Diaspora Deenihan: ‘I have to move fast’

The first Minister of State for the Diaspora has no more than 20 months to make an impact. So what are his priorities?

Jimmy Deenihan: time is of the essence. Photograph: Dave Meehan

Jimmy Deenihan: time is of the essence. Photograph: Dave Meehan

Sat, Jul 26, 2014, 01:00

The bookshelves of Jimmy Deenihan’s new office in the Department of the Taoiseach are still empty, but on the desk of the country’s first Minister of State for the Diaspora lies a signed copy of Tim Pat Coogan’s Wherever Green Is Worn. Fourteen years after its publication, it is still considered the most comprehensive book on the Irish abroad.

Deenihan has a long-standing interest in emigrant issues. “When you are born in a county like Kerry, with such a huge diaspora, even from within your own family circle, you are connected with the Irish abroad from birth,” he says.

It was through his early career as a Kerry footballer, in the 1970s, that Deenihan first came in contact with the Irish abroad, when he travelled to the US and UK to play. On entering the Dáil, in 1987, Deenihan and Jim Higgins, his party colleague from Mayo, became Fine Gael’s “self-appointed spokesmen” for emigrant affairs.

Through the late 1980s and early 1990s Deenihan travelled many times to the US to meet people campaigning for immigration reform to benefit the thousands of Irish without legal status. He was involved in negotiations for both the Donnelly and the Morrison visa schemes.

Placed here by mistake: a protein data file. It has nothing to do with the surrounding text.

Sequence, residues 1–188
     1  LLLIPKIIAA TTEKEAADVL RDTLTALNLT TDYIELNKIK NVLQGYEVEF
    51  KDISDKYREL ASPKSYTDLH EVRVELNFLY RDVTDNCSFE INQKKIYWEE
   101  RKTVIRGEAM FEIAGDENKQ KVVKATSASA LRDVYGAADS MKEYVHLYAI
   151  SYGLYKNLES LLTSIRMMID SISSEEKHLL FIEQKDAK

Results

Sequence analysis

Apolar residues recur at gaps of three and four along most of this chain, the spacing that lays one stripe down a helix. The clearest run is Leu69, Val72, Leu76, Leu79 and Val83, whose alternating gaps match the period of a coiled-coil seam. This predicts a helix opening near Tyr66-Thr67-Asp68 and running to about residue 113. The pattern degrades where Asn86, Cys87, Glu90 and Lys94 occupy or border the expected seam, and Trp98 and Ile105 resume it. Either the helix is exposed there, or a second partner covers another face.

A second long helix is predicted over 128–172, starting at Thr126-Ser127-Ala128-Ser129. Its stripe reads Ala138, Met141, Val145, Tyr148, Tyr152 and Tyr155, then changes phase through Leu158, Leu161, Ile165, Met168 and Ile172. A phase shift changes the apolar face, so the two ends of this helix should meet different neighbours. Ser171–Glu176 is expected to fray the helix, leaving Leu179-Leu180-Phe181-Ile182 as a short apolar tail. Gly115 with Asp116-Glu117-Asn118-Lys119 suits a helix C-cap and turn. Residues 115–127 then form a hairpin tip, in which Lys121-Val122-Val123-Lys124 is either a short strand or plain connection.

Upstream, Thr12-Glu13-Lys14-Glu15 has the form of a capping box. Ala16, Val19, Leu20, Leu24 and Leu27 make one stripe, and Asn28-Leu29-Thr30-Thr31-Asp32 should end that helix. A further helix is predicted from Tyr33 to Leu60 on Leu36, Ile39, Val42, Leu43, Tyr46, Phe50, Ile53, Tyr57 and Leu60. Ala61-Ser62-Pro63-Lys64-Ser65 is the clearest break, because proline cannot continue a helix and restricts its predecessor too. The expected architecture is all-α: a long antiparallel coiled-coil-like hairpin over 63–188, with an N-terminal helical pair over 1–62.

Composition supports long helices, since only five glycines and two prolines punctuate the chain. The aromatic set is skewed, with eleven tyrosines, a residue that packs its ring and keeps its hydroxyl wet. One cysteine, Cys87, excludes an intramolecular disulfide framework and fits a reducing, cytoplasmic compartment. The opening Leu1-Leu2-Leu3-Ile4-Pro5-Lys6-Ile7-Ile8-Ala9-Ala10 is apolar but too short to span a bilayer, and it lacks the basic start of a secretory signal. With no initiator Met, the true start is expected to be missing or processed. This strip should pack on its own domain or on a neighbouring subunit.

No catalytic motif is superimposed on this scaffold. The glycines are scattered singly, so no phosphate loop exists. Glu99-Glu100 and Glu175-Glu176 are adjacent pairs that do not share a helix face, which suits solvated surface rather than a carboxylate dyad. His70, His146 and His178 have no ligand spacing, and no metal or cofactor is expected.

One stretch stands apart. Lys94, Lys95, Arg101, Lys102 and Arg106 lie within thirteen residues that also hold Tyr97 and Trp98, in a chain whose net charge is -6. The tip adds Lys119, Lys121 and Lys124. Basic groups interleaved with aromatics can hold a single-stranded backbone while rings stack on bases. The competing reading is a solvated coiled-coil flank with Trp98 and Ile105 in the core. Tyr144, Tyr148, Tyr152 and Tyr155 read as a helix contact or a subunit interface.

So what will be his remit as Minister of State for the Diaspora? For the past four months the Department of Foreign Affairs has been consulting organisations and individuals with an interest in emigration issues to review how Ireland can better engage with its communities abroad.

Based on the responses, a new “diaspora strategy” action plan, due in September, will cover topics ranging from welfare support for vulnerable and elderly emigrants to business and tourism schemes and social-media initiatives to engage younger emigrants.

“There’s an awful lot already happening,” he says. “I have always said that as a country, for various reasons, we didn’t maintain that connection [to the diaspora] to the extent that we maybe should have. But we have improved considerably.”

Since the publication of the report of the Task Force on Policy Regarding Emigrants in 2002, a dedicated Irish-abroad unit has been working in the Department of Foreign Affairs to co-ordinate interaction with organisations working with Irish people around the world. Funding for these groups has been provided through the emigrant-support programme, amounting to €115 million in the past 10 years.

He cites other State-sponsored initiatives that he hopes to continue, such as the Global Irish Economic Forum and the Global Irish Network, which are helping to keep business leaders connected to Ireland, and independently run schemes such as ConnectIreland, which encourages the diaspora to bring jobs to the country.

He has a few new ideas to engage with recent emigrants who have left in search of work since the downturn, including an online register where people hoping to return to Ireland could submit details of their skills. “They should know they are very welcome back,” he says.

A priority for the new Minister is the issue of emigrant voting rights. The Convention on the Constitution voted overwhelmingly last September in favour of granting Irish citizens abroad a vote in presidential elections, but the Government has yet to respond to the recommendation.

With a maximum of 20 months in office before the next general election, Deenihan recognises that time is of the essence if he is to make a significant impact in his new role.

“To implement a new strategy I have to move very fast. I realise that.”